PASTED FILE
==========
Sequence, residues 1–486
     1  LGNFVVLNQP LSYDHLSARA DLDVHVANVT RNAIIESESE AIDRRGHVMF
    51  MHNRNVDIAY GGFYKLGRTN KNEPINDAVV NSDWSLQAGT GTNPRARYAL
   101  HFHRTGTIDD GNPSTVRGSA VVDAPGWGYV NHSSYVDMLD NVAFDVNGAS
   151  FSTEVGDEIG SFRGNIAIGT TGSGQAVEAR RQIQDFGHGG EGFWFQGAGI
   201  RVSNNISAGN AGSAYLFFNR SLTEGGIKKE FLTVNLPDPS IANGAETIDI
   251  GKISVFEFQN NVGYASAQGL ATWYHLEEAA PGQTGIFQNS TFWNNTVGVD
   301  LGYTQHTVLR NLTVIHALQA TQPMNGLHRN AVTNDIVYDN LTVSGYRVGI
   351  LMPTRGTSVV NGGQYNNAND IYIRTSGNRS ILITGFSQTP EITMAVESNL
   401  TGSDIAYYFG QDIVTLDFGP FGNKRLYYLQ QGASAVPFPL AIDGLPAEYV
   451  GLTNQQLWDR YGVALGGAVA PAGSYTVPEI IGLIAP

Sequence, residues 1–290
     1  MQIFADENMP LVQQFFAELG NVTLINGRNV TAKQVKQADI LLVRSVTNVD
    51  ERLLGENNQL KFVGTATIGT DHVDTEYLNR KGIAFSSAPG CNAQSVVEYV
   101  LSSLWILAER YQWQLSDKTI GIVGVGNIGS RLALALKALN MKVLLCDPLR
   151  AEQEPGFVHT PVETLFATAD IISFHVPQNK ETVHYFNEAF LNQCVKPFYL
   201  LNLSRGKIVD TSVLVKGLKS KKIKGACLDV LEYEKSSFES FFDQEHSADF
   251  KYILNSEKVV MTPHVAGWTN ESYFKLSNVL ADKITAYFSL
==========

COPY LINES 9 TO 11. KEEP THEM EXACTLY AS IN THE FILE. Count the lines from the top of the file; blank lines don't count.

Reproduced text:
   351  LMPTRGTSVV NGGQYNNAND IYIRTSGNRS ILITGFSQTP EITMAVESNL
   401  TGSDIAYYFG QDIVTLDFGP FGNKRLYYLQ QGASAVPFPL AIDGLPAEYV
   451  GLTNQQLWDR YGVALGGAVA PAGSYTVPEI IGLIAP